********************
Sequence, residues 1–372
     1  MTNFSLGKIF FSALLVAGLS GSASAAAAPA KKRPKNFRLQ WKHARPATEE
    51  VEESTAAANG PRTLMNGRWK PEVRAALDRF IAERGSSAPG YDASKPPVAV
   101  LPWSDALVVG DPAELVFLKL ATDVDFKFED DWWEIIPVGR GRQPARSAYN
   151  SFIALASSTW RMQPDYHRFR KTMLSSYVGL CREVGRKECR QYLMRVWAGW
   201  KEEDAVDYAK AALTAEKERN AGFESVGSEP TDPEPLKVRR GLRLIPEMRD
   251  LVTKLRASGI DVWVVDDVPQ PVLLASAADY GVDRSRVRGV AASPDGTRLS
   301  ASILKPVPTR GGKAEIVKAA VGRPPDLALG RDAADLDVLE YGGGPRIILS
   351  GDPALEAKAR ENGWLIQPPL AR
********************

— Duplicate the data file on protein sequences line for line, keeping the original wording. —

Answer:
Sequence, residues 1–372
     1  MTNFSLGKIF FSALLVAGLS GSASAAAAPA KKRPKNFRLQ WKHARPATEE
    51  VEESTAAANG PRTLMNGRWK PEVRAALDRF IAERGSSAPG YDASKPPVAV
   101  LPWSDALVVG DPAELVFLKL ATDVDFKFED DWWEIIPVGR GRQPARSAYN
   151  SFIALASSTW RMQPDYHRFR KTMLSSYVGL CREVGRKECR QYLMRVWAGW
   201  KEEDAVDYAK AALTAEKERN AGFESVGSEP TDPEPLKVRR GLRLIPEMRD
   251  LVTKLRASGI DVWVVDDVPQ PVLLASAADY GVDRSRVRGV AASPDGTRLS
   301  ASILKPVPTR GGKAEIVKAA VGRPPDLALG RDAADLDVLE YGGGPRIILS
   351  GDPALEAKAR ENGWLIQPPL AR